By Christopher M. Riggs
Jim Rundell says he has never felt more welcome at a Mass than at a celebration in 2001 during which he was a prisoner of sorts.
Rundell was attending a Mass at the El Dorado Correctional Facility at a time when he and his wife, Sharon, were cochairs of the Social Justice Committee at St. Francis of Assisi, Wichita.
“When we took over that responsibility we looked at all the ministries that the social justice group were involved in and the ones we were not, and one they were not was prison ministry,” he said.
They contacted Mary Rubeck, director of the diocesan St. Dismas Ministry to the Incarcerated, about how they could become involved in the ministry. She invited him to that prison Mass and Rundell soon became a volunteer at the El Dorado state prison.
“In that same time frame I began pursuing my master’s degree in pastoral ministry through the Aquinas Institute of Theology,” he said. “As that program continued, I needed to do a six-week practicum in ministry.”
Rundell approached the prison chaplain and asked if he could follow the chaplain around to understand his duties. “They readily accepted having a need for a chaplain in their receiving/diagnostic unit, which is where men from all over the state of Kansas go when they are first sentenced and then are disbursed out to one of the state prisons.”
Rundell has been going to the prison weekly ever since.

“It’s just a tremendous opportunity to share the love of Christ with them. It’s been instrumental in my own faith formation – being there brings scripture alive for me.” he said.
“So from that I looked at an opportunity that came along called Seg to Society, for men in long-term segregation who would be released to either the general population (in the prison) or into society.”
The program didn’t have a spiritual component, Rundell said, so he made a proposal to add one and the prison accepted.
“I offered what time I might have, being out there once a week anyway,” he said. “For the next year and a half I’d spend an hour and a half going from cell to cell in the segregation unit. Truly it was something that was very much needed. They have no access to programs or volunteers or chaplains because of the sheer numbers of men out there. The facility chaplain just can’t handle it all.”
The Seg to Society program was the impetus for a similar program that Rundell developed and implemented for the inmates in long term segregation called “Spiritual Formation in Segregation.”
Rundell’s dedication and enthusiasm to the ministry caught Rubeck’s eye.
“Mary and I had grown close in our love for prison ministry and Mary asked me several times if I might want to take it over. I said we’ll just have to see what happens as time rolls along,” he said. “As she got closer to retirement and as I continued to work in the ministry I thought it might be something I’d like to do. So here we are.”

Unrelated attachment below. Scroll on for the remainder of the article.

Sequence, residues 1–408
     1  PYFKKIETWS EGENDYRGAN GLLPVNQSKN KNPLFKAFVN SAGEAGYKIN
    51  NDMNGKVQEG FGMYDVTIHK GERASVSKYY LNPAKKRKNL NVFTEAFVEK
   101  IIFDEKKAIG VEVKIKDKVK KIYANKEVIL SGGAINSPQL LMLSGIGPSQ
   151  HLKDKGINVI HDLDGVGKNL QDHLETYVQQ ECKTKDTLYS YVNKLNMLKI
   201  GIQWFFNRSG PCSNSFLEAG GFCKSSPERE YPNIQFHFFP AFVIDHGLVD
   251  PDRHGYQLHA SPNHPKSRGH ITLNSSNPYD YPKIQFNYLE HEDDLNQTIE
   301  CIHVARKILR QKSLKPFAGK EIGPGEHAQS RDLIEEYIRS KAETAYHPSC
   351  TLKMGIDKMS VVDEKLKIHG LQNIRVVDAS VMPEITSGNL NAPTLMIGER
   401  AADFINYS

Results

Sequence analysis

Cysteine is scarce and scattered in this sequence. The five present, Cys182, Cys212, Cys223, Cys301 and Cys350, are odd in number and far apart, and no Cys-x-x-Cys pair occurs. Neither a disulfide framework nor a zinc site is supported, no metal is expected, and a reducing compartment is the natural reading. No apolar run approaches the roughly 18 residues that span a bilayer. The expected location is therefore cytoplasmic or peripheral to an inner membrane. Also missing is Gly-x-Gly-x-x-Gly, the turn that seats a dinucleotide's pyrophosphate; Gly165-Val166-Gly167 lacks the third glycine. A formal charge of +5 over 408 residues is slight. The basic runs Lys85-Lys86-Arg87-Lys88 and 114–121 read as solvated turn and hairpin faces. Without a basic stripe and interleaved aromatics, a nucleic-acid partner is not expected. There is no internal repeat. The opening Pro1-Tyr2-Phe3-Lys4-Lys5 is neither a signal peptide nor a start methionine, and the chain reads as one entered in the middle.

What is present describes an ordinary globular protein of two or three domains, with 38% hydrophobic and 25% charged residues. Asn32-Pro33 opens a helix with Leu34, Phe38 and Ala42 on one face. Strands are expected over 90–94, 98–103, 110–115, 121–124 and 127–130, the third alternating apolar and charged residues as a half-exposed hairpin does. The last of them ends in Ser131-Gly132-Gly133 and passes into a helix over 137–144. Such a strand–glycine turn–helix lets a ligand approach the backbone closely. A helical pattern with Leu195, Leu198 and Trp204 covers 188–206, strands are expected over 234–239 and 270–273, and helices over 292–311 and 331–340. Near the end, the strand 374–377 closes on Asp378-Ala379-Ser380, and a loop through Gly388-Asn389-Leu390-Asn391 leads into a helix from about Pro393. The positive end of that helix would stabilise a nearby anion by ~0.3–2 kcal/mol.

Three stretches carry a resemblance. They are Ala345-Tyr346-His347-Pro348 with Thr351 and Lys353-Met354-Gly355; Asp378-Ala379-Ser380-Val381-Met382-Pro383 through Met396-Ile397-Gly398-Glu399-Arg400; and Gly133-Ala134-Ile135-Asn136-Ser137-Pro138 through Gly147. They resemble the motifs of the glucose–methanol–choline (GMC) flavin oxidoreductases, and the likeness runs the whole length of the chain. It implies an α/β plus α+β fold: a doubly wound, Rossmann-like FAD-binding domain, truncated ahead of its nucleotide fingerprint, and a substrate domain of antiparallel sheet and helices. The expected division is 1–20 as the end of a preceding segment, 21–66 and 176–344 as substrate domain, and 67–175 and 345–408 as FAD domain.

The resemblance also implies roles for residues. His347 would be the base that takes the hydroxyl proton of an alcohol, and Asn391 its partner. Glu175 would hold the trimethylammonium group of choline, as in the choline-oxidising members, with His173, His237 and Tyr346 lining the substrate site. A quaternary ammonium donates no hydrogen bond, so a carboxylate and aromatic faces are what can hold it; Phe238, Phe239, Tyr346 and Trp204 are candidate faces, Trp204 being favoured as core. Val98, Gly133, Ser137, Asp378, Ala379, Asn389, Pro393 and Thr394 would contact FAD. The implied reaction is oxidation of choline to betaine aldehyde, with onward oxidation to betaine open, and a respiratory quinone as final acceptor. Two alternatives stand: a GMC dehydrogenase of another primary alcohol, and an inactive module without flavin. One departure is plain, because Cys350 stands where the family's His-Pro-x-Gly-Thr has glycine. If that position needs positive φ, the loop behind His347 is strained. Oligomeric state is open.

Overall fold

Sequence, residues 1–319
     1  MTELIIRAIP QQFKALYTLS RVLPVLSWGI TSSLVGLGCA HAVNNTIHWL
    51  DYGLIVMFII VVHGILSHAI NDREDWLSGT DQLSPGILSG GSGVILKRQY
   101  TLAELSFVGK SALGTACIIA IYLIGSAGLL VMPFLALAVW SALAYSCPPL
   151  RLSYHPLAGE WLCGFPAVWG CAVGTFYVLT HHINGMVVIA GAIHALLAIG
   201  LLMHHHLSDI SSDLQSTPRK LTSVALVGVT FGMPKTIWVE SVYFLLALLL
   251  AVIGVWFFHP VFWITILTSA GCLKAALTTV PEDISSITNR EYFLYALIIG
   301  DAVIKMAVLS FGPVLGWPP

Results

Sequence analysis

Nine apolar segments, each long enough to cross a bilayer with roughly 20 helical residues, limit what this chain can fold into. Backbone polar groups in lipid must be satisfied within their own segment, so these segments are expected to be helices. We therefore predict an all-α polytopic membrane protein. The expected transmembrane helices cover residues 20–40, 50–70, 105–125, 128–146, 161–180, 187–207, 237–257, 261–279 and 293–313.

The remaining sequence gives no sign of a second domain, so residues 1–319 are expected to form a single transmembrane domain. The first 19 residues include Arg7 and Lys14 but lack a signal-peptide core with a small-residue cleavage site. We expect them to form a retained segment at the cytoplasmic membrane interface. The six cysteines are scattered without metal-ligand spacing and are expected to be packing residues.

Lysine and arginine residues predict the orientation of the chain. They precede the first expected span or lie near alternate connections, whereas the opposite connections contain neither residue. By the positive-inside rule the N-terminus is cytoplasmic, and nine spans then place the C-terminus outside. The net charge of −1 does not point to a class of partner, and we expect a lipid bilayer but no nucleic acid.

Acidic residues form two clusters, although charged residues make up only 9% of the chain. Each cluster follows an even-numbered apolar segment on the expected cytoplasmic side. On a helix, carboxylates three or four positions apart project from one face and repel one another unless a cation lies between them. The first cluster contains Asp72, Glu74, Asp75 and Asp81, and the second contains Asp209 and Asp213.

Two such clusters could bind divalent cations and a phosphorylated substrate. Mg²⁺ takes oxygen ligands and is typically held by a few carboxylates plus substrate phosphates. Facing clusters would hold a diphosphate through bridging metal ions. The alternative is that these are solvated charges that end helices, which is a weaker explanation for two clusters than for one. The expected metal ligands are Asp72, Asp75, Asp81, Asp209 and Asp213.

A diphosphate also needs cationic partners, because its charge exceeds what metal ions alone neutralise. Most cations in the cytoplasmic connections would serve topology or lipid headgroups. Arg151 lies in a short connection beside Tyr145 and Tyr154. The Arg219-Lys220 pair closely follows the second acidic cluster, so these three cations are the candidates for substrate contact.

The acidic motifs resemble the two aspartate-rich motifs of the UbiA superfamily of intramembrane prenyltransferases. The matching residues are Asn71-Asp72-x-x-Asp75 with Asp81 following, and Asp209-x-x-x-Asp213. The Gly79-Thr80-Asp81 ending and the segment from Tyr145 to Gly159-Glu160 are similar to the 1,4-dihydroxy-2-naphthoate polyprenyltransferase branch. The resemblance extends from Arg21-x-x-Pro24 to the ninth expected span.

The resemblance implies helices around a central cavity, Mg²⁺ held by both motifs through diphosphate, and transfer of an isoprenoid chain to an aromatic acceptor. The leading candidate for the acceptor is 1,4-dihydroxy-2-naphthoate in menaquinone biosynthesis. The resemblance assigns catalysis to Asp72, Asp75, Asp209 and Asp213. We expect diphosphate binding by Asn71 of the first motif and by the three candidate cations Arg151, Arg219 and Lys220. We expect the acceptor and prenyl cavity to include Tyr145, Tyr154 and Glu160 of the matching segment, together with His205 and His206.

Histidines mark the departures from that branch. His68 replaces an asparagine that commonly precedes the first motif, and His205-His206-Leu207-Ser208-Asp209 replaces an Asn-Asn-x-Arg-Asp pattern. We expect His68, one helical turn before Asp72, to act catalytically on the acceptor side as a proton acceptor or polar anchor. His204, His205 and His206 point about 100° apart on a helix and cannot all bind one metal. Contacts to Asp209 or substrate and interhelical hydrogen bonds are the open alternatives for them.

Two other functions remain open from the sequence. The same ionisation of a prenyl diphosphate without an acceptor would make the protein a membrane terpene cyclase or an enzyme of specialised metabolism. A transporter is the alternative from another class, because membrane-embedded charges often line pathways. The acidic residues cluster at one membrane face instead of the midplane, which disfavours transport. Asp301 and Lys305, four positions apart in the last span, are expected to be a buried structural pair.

Rundell continues to office at the Spiritual Life Center splitting his time as administrator of the Spiritual Life Center and as program coordinator for the St. Dismas Ministry.
“We want to continue and strengthen what Mary has built up,” he said. “She’s done a tremendous job in bringing the sacraments, RCIA, and adult faith formation to the three primary institutions – Winfield, El Dorado, and Hutchinson – but also into the county jails.”
Rundell said the diocese has been very successful in serving the men and women in the Sedgwick County Jail. “In fact just now, through Mary’s efforts, it was approved that instead of Mass at the jail just twice a month – once for men and once for women, we now have approval to go every Friday and we’ll alternate men’s and women’s (Masses).”
Five priests have volunteered to celebrate the weekly jail Masses, which begin today.
“But there are other county jails throughout the diocese,” he said. “We’ve begun a presence at the Sumner County Jail in Wellington. We have volunteers going in there weekly for Bible study. At some point we’d like to provide the sacraments at that jail.”
Rundell hopes that nearby parishes, through their stewardship efforts St. Dismas can provide ministry to prisoners in more county jails.
Looking ahead Rundell said he would like to take the TOGETHER vision and the idea of stewardship of time, talent, and treasure into the prisons.
“They want to give. Giving back is a part of their healing process. The guys who are already serious about their faith are serving in whatever way they can inside. I have seen guys give checks for two or three dollars because they feel strongly about a program. They give what they can. It’s very humbling.”
He is also planning an in-prison bereavement ministry because inmates are not allowed to leave the prison for a funeral, and there is no process in place to help them grieve.


Want to volunteer for prison or jail ministry?
Rundell said he would like to extend a parish’s sense of community to include the men and women of nearby prisons or jails. “While they are separated from the community, they remain a part of the community. The more we can get the local community to support it, the stronger that sense is for the prisoners as well.”
Those who live near a prison or jail are invited to contact him at or at (316) 744-0167.